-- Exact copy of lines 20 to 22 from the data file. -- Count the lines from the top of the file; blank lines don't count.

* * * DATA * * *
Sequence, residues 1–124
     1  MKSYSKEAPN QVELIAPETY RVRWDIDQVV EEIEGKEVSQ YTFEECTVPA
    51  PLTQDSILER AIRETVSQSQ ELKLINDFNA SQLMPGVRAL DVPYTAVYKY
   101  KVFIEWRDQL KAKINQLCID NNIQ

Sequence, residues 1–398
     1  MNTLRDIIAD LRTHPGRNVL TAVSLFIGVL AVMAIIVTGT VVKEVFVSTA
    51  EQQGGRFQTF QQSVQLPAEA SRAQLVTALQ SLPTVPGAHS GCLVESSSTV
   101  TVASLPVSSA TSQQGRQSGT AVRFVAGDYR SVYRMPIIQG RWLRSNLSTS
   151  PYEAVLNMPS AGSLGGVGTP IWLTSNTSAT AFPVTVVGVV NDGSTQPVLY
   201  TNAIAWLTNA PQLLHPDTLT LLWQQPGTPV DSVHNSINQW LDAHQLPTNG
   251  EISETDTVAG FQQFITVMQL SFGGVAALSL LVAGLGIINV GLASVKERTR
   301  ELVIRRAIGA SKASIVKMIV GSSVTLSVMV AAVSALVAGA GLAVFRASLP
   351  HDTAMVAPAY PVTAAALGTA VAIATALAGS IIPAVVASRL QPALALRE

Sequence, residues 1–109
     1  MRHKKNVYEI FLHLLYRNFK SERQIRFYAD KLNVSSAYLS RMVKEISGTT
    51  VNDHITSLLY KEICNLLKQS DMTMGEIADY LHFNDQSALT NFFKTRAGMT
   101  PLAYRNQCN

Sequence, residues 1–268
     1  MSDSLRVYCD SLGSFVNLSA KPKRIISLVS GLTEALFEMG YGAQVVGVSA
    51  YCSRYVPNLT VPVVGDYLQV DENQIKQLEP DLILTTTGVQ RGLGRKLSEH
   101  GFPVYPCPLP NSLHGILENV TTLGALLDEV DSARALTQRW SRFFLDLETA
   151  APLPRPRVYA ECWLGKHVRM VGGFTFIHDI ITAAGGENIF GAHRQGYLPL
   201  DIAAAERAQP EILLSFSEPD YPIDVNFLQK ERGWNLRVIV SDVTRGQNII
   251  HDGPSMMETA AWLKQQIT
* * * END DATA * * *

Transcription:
    51  YCSRYVPNLT VPVVGDYLQV DENQIKQLEP DLILTTTGVQ RGLGRKLSEH
   101  GFPVYPCPLP NSLHGILENV TTLGALLDEV DSARALTQRW SRFFLDLETA
   151  APLPRPRVYA ECWLGKHVRM VGGFTFIHDI ITAAGGENIF GAHRQGYLPL